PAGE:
I was finally, convinced of the correctness of their assumptions when, the next year, Kent sent me a pre-publication copy of a paper written by him and his Michigan colleague, Terry Robinson on drug addiction. They invited my comments. Why, they asked rhetorically, if wanting equals liking, do some people want drugs even though their first experience with them was aversive? How is it that over a period of addiction, wanting drugs (‘craving’) can go up dramatically, whereas liking them can even come down? Cigarettes can be intensely wanted, even by people in hospital for operations necessitated by smoking (some even sneak illicit smokes). Yet few if any would describe the experience of nicotine as mind-blowingly hedonistic. From reviewing numerous studies, they concluded that dopamine confers what they called ‘incentive salience’ on things that we want: food, drugs, sex. Stimuli associated with these basic incentives, the smell of baked croissants, the sound of the casino, the hum of the lap-top, the red-lights of a part of town, acquire incentive salience in their own right, a pulling-power. So, liking is mediated by something else: opioids, amongst other brain chemicals. This paper was published in 1993, coining the term ‘Bindra-Toates theory’ and has become a classic, one of the most cited, if not the most cited, paper of all time in biological psychology.
In around 1994, I received a mysterious fax from a firm of lawyers in New York City, asking me to contact them for a meeting. What could this mean? A distant relative had become an oil billionaire and died leaving me everything? I contacted them and was told that partners were planning a trip to Europe and wanted to talk to me about addiction. The mystery only deepened. Why me? A drugs baron seeking mitigation? A friend told me that I should have played them at their own game and said that my consultancy fee starts at $1000 but academics are a push-over when it concerns money. Two of them arrived in Milton Keynes from Heathrow in a taxi, which waited for them! It soon became evident that they were representing the tobacco industry. But why me? They had read the paper by Robinson and Berridge, in which my model formed a foundation and realized the implications for their industry. There were soon to be Senate hearings on whether nicotine is addictive (which it is) and the last thing that they wanted was a new theory of addiction, which would include nicotine. They were very well informed and subjected me to a monologue on why nicotine is not addictive before departing for their next contact.
In 1997, I was invited to give a lecture and seminars to the students at the University of Michigan. Kent took me to the Tamla Motown museum in Detroit, where I saw Michael Jackson’s famous white glove, something which doubtless holds much incentive salience for many fans. I met Aldo Badiani, then one of this research team and a speaker at our desire conference.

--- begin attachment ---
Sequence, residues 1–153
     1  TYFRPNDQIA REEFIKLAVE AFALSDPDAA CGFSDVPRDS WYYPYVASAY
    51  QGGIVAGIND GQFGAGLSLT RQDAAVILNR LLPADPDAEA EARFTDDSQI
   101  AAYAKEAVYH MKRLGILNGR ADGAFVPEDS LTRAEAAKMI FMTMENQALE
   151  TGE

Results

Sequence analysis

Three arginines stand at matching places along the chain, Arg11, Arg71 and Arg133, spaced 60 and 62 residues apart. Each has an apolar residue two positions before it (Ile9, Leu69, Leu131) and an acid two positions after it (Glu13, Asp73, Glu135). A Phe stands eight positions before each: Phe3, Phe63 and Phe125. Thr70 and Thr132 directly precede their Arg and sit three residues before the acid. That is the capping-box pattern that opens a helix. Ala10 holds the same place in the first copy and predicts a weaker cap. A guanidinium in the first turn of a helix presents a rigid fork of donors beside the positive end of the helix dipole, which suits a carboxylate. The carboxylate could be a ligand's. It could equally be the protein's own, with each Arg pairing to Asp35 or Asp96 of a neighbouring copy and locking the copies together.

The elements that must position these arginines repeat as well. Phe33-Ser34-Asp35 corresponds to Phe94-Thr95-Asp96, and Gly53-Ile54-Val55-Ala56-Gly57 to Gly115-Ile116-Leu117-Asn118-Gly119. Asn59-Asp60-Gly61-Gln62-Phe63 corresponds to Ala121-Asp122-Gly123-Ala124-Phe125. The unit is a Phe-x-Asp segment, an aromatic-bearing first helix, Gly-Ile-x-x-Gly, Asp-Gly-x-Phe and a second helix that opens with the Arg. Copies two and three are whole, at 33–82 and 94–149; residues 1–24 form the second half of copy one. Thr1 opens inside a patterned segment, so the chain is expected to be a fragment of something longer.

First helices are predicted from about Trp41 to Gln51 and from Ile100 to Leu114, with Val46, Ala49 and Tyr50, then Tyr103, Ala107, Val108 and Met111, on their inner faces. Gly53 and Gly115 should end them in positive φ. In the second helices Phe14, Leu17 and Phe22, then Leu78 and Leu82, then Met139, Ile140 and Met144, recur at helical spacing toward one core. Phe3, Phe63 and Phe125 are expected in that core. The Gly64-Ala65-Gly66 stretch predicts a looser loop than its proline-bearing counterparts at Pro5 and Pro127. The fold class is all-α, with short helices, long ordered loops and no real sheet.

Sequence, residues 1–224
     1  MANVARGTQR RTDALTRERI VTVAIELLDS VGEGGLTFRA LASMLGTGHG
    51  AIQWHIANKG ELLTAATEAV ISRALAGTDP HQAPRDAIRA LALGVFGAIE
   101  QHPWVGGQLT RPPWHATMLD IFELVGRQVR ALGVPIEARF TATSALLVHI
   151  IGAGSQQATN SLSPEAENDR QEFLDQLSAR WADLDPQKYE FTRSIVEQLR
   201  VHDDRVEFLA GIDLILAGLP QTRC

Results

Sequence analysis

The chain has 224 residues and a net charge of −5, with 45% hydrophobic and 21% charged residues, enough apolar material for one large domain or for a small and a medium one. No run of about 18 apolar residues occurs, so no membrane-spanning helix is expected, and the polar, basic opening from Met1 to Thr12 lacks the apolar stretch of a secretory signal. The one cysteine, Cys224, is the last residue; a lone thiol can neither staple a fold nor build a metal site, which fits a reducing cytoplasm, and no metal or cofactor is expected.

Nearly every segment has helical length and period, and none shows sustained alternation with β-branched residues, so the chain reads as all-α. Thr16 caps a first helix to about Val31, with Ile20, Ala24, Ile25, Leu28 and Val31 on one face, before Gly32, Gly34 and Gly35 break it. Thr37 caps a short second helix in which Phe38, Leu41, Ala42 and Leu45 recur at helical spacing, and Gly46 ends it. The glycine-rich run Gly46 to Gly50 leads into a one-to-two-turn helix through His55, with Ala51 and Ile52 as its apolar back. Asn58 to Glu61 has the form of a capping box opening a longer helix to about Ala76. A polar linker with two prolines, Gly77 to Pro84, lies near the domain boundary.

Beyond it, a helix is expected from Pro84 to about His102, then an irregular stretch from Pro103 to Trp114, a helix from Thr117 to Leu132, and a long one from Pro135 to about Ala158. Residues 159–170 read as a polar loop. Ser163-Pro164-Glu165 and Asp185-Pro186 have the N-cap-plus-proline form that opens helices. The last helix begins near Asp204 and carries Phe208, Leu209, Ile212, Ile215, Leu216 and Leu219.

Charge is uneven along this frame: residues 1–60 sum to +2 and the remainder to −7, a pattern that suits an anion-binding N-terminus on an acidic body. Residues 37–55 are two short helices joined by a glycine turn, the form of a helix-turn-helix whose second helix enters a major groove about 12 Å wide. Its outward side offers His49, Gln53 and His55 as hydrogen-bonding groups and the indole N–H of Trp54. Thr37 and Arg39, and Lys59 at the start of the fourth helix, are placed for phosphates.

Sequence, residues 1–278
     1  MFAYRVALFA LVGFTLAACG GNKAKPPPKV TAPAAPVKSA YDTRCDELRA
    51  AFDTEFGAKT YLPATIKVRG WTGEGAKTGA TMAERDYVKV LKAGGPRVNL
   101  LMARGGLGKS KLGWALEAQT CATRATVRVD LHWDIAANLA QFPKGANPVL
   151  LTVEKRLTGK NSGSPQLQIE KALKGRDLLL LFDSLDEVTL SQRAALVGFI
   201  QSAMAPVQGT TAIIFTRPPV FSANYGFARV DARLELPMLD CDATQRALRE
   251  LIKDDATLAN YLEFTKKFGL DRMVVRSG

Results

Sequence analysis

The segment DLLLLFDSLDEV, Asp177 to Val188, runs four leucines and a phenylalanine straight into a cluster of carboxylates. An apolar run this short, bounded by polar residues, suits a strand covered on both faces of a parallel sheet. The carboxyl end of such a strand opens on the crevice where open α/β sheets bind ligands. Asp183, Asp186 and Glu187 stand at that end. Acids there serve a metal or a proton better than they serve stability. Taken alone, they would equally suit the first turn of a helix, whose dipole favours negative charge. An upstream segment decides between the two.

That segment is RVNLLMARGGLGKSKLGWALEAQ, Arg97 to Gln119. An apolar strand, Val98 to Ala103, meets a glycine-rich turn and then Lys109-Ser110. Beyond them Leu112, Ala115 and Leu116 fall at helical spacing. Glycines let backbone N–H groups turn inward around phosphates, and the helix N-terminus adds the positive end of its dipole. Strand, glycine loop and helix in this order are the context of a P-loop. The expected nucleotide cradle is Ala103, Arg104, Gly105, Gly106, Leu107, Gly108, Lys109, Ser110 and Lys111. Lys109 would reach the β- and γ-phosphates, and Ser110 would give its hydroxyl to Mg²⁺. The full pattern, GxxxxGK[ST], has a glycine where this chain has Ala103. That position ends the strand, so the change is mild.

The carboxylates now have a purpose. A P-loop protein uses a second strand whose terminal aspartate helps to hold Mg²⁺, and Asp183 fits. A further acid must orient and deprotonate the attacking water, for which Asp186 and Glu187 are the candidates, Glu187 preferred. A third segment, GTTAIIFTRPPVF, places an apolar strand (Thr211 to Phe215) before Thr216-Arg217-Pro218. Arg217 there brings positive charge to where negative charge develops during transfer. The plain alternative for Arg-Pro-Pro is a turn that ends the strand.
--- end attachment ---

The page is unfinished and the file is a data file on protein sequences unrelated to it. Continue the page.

Then on to New York, Philadelphia and finally the University of California, Berkeley, and San Francisco, where my wife and I met my vocal/pop-group idols from the 1960s, The Lettermen, at one of their concerts. They took us out to dinner and one member of the group, Bob Engemann, asked us what we did in life. When he discovered what I did, I was asked whether I knew the work of his uncle, Norbert Wiener, the founder of the science of cybernetics. “Yes, indeed”, I replied “This comes very near to my psychology. I read his book in New York City, when I was a young undergraduate staying at the YMCA”. “Can you explain then what it was all about?” Bob asked “since I could never understand it”. So, rather than hearing gossip about Hollywood scandal and groupies, which I might have preferred, it was a somewhat more serious meal. Back in England I had withdrawal symptoms from the visit, doubtless linked to opioid deficiency rebound.
The work of my Michigan colleagues has gone on from strength to strength. Not just drugs, feeding and sex but researchers into attention, autism (seen as a lack of social wanting), bipolar disorder, aggression, Parkinson’s disease, schizophrenia and depression are making extensive use of their insights. At least some cases of depression appear to be based upon processes of deficient wanting (dopamine) and liking (opioids), which in principle are dissociable. Traditionally, a core characteristic of schizophrenia was described as ‘anhedonia’, an inability to experience pleasure. Theorists now see a low wanting as being a more reliable measure. So, for example, a schizophrenic patient might like something as much as a control but lack the wanting to seek it. Kent and Terry won the Award for Research Excellence in 2016, given by the American Psychological Society. Kent has done ground-breaking work identifying pleasure spots in the brain, together with Morten Kringelbach of Oxford University, one of the speakers at our conference.
So how about desire as such, the theme of our conference. We now see desire as being a special sort of wanting, that based upon a conscious goal. Under somewhat artificial conditions, it is possible to show the behaviour of wanting without the conscious goal. Unconscious (or non-conscious) processes can be in the driving-seat (some might like to see a link here with Freud). Whether conscious or not, dopamine appears to play a crucial role in our wanting.
For a short general-interest film that I made on the work of Kent and Terry, termed ‘Dopamine: the two-faced molecule behind addiction and Parkinson’s disease’ you find this by putting ‘Dopamine: the two-faced molecule’ into a Google search.
This article first appeared in News & Views Spring 2017.